The Grenfell Tower inquiry: A continuing search for justice

Spectators of this week’s Prime Minister’s Questions were, unsurprisingly, greeted with the familiar sight of Britain’s highest elected officials jeering across the Commons Chamber. While such behaviour has become an embarrassing tradition, this moment was particularly egregious.

As a cluster of Tory MPs heckled at opposition leader Jeremy Corbyn for his bright green tie, it fell to rebukes from former Prime Minister Theresa May to silence them, explaining that his ‘fashion statement’ was in fact a tribute to the survivors and victims of the 2017 Grenfell Tower fire.

Corbyn’s symbolic tie marked the publication of the government’s official inquiry into the tragedy, a lengthy process that has sought to establish who is responsible for the fire that killed 72 people. This interaction epitomises just how quickly the nation has forgotten the events of 14 June 2017. With the ceaseless bureaucracy and debates over Britain’s withdrawal from the EU and its ever-changing deadline, the public and politicians alike risk ignoring the domestic issues that most devastatingly affect the British population in favour of hypothetical ideas of ‘the nation’ being fought between a divided electorate. It has become all too easy to leave Grenfell behind, yet such amnesia is an injustice both to those affected by the fires, and pressingly to the estimated 40,000 people occupying equally combustible housing.

The Grenfell Tower fire refreshed a national public conversation about the tangible effects of austerity. Never so clearly in recent memory could cost-cutting and reduction of services be measured in human lives. We questioned, as a nation, whether more people might have been saved with greater investment in emergency services. One of the most controversial contributors to the Grenfell fire was the building’s cladding, a cheaper, more flammable alternative to traditional materials which has been deemed a significant contributor to the rapid spread of the flames. Following the fire, investigations into similar structures across the UK found that hundreds of buildings – hospitals, residential flats, offices – have unsafe cladding that fails fire safety tests. While some buildings have been closed until they meet safety standards, many remain in use while the government, councils, and private owners negotiate the costs of renovations. As if this wasn’t bad enough, new figures estimate that the £40m public cost of the inquiry thus far outstrips the savings made through the cladding 100-fold – and ironically makes up a sizable chunk of the £100m cuts to the London Fire Brigade endorsed by Prime Minister Boris Johnson under his mayorship.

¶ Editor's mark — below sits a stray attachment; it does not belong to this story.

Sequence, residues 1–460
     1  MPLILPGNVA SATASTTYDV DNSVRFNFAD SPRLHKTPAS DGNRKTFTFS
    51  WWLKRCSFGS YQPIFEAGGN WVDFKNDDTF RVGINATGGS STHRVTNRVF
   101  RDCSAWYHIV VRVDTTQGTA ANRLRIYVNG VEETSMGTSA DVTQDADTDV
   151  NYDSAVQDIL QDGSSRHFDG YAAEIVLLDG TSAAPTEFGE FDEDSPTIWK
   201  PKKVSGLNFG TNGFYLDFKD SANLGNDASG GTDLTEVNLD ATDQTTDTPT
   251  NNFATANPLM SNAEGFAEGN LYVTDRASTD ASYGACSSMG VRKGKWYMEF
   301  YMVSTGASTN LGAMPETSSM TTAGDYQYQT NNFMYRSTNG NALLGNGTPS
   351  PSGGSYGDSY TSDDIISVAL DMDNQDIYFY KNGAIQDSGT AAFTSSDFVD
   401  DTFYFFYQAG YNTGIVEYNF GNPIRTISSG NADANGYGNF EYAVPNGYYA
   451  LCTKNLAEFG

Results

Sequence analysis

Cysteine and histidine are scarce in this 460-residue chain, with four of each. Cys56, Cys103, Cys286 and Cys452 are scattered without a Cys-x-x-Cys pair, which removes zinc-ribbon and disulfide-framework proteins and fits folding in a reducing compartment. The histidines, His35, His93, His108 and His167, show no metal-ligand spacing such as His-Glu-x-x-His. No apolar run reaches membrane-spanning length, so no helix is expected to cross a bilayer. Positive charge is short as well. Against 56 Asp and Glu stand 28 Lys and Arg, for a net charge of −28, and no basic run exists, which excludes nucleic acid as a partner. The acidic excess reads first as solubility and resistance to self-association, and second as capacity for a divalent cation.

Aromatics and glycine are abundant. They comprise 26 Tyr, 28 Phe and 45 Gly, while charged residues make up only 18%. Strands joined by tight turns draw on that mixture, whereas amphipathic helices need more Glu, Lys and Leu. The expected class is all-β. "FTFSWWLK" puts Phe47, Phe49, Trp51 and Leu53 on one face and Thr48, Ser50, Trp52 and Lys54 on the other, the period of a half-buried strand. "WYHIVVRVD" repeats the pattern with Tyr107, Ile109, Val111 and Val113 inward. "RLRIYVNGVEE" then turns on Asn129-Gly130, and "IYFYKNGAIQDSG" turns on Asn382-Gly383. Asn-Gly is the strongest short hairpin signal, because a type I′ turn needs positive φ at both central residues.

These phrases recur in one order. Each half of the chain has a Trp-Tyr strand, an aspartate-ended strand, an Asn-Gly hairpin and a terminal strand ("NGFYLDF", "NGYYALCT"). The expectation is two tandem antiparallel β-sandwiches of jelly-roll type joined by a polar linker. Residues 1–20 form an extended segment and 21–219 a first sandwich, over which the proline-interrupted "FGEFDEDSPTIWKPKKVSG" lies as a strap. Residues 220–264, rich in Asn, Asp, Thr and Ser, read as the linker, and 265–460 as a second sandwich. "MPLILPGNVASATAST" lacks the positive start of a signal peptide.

The inquiry has produced some positive changes: buildings must now have emergency evacuation plans, with additional personal provisions for those unable to evacuate independently. It has found systemic failings within the LFB, putting pressure on the service to improve communication between incident commanders, control rooms, and emergency responders, and formally questioning the ‘stay put’ policy that dissuaded residents from abandoning their flats before becoming trapped. It’s a start, but it is not enough.

The challenge comes in enacting these changes – reports find that many factors exacerbating the Grenfell fire were flagged following the Lakanal House fire in 2009, yet never acted upon. A long line of failures marks the government’s response to Grenfell, from the insufficient rehousing of residents, to Theresa May’s failing to meet survivors in the aftermath. The only response now is to address the underlying causes that led the fire to spread to such devastating effects, and vitally re-evaluate the capitalist ideologies that place profit margins over human lives.

The search for justice for the victims of Grenfell Tower continues, with the ongoing Metropolitan Police’s investigation and the second phase of the government’s inquiry – both of which will consider the deregulation and negligence, as well as the health and safety violations involved in the tower’s fatal refurbishment. Like the Grenfell Tower survivors in attendance at Wednesday’s Prime Minister’s Questions and parliamentary debates on the inquiry, we as a nation must continue to hold those in power to account, against the distractions of our divided political system.

Image: Marathon via geograph.org

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